Celebrating Food! Celebrating Life!

Happy Thanksgiving! Easy Pilau Rice & Achar Puteh

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I don’t usually celebrate Thanksgiving. Was chatting with a good friend, Catherine on Tuesday about pineapples (yes, not the kinda thing you taught to your good friends about I know) and we went on talking about Thanksgiving two days later (which is today by the way!). Wanting to feel a bit more festive, I decide to deck out some of my Le Creuset dutch ovens for a simple Asian-themed Thanksgiving lunch!

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The idea actually started with cooking rendang ayam to satisfy a crave. I’d not cooked it in quite a while and missed the flavours quite a bit. Went on to buy some nice-looking whole chicken drumsticks from a local supermarket and took a portion of my generic rempah and kerisik out of deep freeze which I made a couple of weeks back. Yes you can freeze kerisik too! Its a chore to have to continually slow fry grated coconut every time I need it so I make ’em in a large batch, just like my generic rempah and freeze them in portions. That said, I’m done to my last one already so it’s time to make more kerisik! Truth be told, I cooked the rendang ayam in my larger 24cm Cerise Le Creuset French oven, which was perfect for 4 large whole drumsticks and all the sauce needed to go with the rice. But I transferred a portion after cooking into my smaller dijon one, purely out of vanity reasons. The three similarly sized pots look like traffic lights duncha think?! *chuckles*
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While the chicken was slowly braising in rendang sauce, I started preparing an easy pickled mixed vegetables, from a recipe I’d learnt a long time ago from eating at the famous Hainanese chicken rice stall at the basement of Katong Shopping Centre. I didn’t learn it from the chicken rice people of course, but instead, I brought home a takeaway of it for my family and my mum decoded the marinade in like just 2 seconds! And the flavours were spot on! We end up calling this “achar puteh” casually at home, since it does not require a rempah tumis for the vegetables to be mixed with and more importantly, the vegetables do not require any sunning! It is just as good to go with rendang ayam as it is with Hainanese chicken rice! The only thing about this “achar puteh” is that it has to be eaten within a day after it is made, before the texture of the vegetables past their prime, unlike a traditional Peranakan aceir that can be kept for quite a while. But no worries for that as it is usually polished clean within the same day, first with either rendang ayam, or with poached chicken and fragrant steamed rice. The remnants are good for snacking for the post-dinner TV session!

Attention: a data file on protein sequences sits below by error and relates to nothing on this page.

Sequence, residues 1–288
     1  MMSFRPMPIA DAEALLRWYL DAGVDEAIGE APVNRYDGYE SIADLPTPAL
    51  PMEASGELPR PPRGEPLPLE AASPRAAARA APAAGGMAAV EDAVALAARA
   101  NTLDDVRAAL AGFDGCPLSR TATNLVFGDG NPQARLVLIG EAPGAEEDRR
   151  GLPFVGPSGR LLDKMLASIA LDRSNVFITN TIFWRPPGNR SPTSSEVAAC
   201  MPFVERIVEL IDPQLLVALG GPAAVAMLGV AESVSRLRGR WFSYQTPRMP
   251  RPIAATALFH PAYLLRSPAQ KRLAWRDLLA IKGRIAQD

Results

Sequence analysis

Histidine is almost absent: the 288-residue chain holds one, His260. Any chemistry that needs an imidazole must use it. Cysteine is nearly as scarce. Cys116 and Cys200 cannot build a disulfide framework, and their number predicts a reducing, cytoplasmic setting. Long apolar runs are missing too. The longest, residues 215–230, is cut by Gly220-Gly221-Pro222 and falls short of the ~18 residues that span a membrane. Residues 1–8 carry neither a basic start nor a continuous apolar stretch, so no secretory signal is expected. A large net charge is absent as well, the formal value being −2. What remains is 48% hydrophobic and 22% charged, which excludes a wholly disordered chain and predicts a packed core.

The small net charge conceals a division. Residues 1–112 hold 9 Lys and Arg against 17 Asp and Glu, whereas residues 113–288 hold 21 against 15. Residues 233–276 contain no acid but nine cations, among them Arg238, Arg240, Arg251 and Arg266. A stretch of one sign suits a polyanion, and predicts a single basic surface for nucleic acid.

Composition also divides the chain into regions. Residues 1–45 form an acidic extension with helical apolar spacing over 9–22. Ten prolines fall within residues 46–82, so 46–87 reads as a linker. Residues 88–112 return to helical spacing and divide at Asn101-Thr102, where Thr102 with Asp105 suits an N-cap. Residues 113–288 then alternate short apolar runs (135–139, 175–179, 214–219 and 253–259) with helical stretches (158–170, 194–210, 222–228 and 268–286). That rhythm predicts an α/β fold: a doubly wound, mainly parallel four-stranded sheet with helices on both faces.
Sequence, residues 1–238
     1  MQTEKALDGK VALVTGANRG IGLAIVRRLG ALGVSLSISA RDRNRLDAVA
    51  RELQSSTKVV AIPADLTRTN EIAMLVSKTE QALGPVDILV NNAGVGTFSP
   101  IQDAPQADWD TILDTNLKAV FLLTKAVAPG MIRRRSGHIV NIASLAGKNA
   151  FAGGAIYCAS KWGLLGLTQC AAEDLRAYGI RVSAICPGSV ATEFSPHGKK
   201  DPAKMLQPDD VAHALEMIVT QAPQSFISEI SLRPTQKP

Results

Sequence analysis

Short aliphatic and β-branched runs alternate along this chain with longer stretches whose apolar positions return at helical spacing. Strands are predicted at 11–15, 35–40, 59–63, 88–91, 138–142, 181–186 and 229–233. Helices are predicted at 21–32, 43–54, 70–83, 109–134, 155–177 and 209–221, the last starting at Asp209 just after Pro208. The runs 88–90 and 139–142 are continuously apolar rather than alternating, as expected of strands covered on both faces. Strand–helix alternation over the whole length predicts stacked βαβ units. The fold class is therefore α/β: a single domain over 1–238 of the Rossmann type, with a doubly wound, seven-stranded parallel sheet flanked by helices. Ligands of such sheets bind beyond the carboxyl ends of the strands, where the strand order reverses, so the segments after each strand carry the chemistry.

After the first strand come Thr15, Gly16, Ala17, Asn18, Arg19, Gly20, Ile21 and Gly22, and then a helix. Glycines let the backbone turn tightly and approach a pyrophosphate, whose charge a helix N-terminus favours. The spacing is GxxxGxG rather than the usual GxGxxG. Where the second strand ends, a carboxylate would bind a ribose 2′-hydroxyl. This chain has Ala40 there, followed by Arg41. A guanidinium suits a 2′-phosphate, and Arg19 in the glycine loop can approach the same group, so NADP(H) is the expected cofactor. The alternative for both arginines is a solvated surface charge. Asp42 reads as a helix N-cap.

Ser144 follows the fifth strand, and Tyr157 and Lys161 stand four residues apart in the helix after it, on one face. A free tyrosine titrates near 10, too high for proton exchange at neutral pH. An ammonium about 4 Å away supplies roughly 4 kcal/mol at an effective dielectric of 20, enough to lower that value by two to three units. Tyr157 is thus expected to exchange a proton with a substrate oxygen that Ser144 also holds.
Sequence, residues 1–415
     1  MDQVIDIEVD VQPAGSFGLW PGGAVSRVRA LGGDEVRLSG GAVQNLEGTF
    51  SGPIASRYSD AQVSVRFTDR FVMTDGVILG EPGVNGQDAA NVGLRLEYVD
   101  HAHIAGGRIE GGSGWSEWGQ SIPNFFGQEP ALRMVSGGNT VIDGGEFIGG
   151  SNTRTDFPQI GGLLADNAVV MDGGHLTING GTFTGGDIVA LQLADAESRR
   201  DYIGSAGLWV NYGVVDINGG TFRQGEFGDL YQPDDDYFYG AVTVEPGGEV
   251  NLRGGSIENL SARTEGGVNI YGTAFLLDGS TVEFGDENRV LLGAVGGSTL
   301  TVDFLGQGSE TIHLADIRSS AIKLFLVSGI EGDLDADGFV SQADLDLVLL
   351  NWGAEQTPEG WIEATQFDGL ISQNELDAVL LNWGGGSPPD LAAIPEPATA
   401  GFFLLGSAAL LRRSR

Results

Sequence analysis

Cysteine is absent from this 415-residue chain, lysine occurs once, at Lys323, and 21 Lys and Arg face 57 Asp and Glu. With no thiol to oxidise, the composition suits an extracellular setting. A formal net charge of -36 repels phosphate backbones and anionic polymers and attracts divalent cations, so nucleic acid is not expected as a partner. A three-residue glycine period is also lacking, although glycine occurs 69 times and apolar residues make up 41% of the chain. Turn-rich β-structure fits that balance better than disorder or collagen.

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The final is an Easy Pilau Rice to go with the rendang ayam. I’d soaked the basmati rice first for a good 30 minutes and drained the grains thoroughly. After that is just a simple sauteeing of some familiar spices and some other aromatics in butter and the rice is cooked carefully in yet another Le Creuset French oven and ready in just 20 minutes or so. This is a really easy recipe I’d learnt from one of my Indian friends. It is less elaborated than the traditional biryani but no less delicious. It can be jazzed up with chopped and toasted nuts like cashews and almonds, as well as dried fruit like dates, prunes and raisins. I’d even tried adding dried papaya once and it was great! Given the right amount of spices and heightened by the aromatics, it can be really flavoursome and goes well with the rendang ayam.
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For the Rendang Ayam recipe, please click here. And for those interested in making other dishes with the generic rempah, please click here.

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Achar Puteh – Pickled Mixed Vegetables (serves 4-5)

1 medium cucumber
1/2 pineapple, peeled and “eyes” removed
1 medium carrot, peeled
5 shallots, peeled and cut in halves
3-5 fresh red chilies

1 cup* of apple cider or glutinous rice or white wine vinegar (do not use cheap artificial vinegar!)
2-3 cups of water
8-10 generous tbsp sugar
1 generous tsp salt